Dick Estel's 2007 Eastern Sierra Journey
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June 25, 2007: Itís go time again for Mikie and me. We were planning to leave this morning, heading for Mammoth Lakes on the eastern side of the Sierra. Mikie came over early yesterday to play with the boys next door, but they were gone. Since I was 95% ready to go, I suggested we finish getting ready and spend the night at my daughterís place in Oakhurst.

After calling to make sure they would be home, we had a quick lunch, finished loading and hooking up the trailer, and headed up the hill, about a 50 mile drive. They live on five acres in the country off Road 620, across from the Bass Lake Road, with other homes around them but none very close. The road above their house ends with a big circle about a quarter mile walk from the house. There are driveways to unsold lots there, but no one has started building, so we parked the trailer there, arriving about 7 p.m.

Mikie immediately headed to the house to see Aunt Jenny and Uncle Rod, while I got the trailer into the position I wanted. When Mikie got to where he could see their house, he noticed they were looking at something in their driveway.

ďWhat is it,Ē he asked.

ďA snake,Ē Jennifer answered.

He immediately took off running, since he is fascinated by snakes. Apparently the snake was fascinated by Mikie, because it was still there when I arrived, five minutes behind him, although it had moved down into the grass.

It was a gopher snake, about four feet long. Mike picked up a stick and lifted the snake part way up with it, and still the snake stayed. Finally he got up enough nerve to try to pick it up Ė and one touch was all took for this seemingly lethargic reptile to put on a burst of speed and disappear into a clump of poison oak.

It was a good day for seeing animals Ė on the way in from the main road we had seen five small rabbits, and when I went back up to the trailer to get something, I saw a buck.

We had a good time visiting Rod & Jen, and had a late barbecued chicken supper, then headed off for bed in the trailer.

When we left home I had noticed that the refrigerator warning light had come on, indicating a problem. It works on electric power when we're plugged in, and automatically switches to propane if there is no electricity. I reset it and we took off, but when we went to bed I noticed it was not working, and even after several resets, it would not stay on. I turned it off, and spent the first hour of what should have been sleep time worrying about it.

In the morning I turned it on and it stayed on OK, but I borrowed a couple of ice chests from Jennifer just in case. It worked flawlessly the rest of the trip.

We got an early start, about 7:30 a.m., and headed up highway 41 towards Yosemite. Our route took us into Yosemite Valley then out via the Tioga Pass Road that leaves the park at 9,000 feet. We dropped down 2,000 feet in ten miles to US 395, then headed south about 40 miles to Mammoth Lakes, three miles west of 395.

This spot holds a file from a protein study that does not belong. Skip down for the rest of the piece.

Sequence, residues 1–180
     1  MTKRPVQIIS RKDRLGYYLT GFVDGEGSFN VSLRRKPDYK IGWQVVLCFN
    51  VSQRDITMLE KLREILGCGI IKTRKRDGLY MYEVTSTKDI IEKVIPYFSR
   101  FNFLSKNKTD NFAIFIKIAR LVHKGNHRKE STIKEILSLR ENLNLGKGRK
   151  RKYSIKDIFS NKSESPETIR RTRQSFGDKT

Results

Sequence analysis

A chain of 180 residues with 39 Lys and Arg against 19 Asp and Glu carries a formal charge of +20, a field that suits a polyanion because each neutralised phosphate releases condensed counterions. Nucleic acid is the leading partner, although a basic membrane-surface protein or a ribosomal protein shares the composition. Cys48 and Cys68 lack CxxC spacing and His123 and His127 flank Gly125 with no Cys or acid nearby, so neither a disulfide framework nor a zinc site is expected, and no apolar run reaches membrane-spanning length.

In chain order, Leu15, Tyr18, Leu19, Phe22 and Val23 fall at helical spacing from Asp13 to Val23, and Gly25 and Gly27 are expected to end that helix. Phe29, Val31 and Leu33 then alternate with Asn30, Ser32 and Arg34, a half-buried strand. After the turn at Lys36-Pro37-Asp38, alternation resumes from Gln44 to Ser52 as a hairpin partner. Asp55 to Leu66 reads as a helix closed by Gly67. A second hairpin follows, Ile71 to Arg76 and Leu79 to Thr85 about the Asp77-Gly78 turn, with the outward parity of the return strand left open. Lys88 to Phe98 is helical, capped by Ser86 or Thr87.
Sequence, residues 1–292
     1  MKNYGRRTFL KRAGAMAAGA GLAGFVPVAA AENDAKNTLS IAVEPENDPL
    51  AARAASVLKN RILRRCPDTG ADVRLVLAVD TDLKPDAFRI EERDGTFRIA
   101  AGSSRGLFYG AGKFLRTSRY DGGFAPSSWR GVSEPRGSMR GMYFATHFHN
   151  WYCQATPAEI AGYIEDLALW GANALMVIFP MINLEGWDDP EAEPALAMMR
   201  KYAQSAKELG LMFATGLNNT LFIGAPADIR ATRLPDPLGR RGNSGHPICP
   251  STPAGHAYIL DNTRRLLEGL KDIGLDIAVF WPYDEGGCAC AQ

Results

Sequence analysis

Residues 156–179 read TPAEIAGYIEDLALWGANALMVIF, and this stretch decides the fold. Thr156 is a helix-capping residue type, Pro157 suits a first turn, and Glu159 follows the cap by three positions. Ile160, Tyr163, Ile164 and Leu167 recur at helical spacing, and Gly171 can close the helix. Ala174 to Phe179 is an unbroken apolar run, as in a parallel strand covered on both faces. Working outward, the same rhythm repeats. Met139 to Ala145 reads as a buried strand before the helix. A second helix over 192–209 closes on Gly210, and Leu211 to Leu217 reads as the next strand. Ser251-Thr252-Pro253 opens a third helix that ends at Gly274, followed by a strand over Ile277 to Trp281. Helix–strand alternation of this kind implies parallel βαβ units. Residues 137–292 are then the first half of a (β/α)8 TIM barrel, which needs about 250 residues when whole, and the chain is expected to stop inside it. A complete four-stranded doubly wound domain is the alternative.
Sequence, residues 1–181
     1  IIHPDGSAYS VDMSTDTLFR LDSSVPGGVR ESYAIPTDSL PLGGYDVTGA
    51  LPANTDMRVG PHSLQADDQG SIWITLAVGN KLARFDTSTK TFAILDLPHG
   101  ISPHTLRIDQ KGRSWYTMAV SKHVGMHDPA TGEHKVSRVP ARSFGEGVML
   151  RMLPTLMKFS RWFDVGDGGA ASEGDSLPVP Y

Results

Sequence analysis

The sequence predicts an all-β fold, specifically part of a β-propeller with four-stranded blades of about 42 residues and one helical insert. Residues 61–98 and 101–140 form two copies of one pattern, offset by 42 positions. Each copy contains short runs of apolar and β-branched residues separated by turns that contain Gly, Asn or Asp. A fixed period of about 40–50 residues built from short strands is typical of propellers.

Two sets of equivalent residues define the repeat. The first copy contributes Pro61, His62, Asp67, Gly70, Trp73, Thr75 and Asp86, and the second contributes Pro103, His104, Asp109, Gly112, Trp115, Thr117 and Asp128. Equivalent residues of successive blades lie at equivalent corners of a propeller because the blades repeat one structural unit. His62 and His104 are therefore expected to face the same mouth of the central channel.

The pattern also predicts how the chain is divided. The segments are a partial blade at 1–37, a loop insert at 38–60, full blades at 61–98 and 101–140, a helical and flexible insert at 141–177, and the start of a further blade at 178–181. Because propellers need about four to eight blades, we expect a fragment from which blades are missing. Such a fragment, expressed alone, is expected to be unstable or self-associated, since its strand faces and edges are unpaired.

It was fairly cool overnight in Oakhurst, and very cool up in the higher elevations of Yosemite. We stopped at Olmstead Point, where there is a good view of the eastern side of Half Dome, as well as Cloudís Rest and the Tenaya Canyon. We ate lunch there and walked around; saw a couple of lizards, and Mikie managed to touch one.

It was quite warm when we arrived at our camp site at about 1:30. We got set up, and Mikie and I played catch, which he will do endlessly if there is someone to play with. He got a bat and whiffle ball at the RV park store, and I pitched to him several times. He also went swimming while I tried to check my Email. I was able to connect to their wireless network, but had a hard time connecting to the Internet. I was successful for a while, then got knocked off again.

After that, I went to the visitor center across the street and got some information on some of the places we want to visit. Now weíve finished supper, played a final game of catch, and are inside for the night at 8 p.m. It has been in the low 70s here in the daytime, and low 40s at night.

June 26: Today we went to Bodie, the infamous ghost town northeast of Lee Vining. In the late 1800s it was a gold mining town with 10,000 people. I think it was occupied till some time in the mid 20th century, but with just a handful of residents. There are many old houses and a few commercial buildings that are still standing, all unpainted and weathered to a beautiful color. There is one house you can go into, and you can look in windows and see what was left behind in most of them. The old saloon had a slot machine and a roulette wheel, along with various bottles. There is also a museum where you can buy T-shirts, books and a few other items.

The town is located in a basin at 8,000 feet, with virtually no trees anywhere, and is unbearably cold in the winter (at least for me it would be; obviously the residents managed). It is quite isolated, about 20 miles east of US 395, the last three miles being a rough dirt road.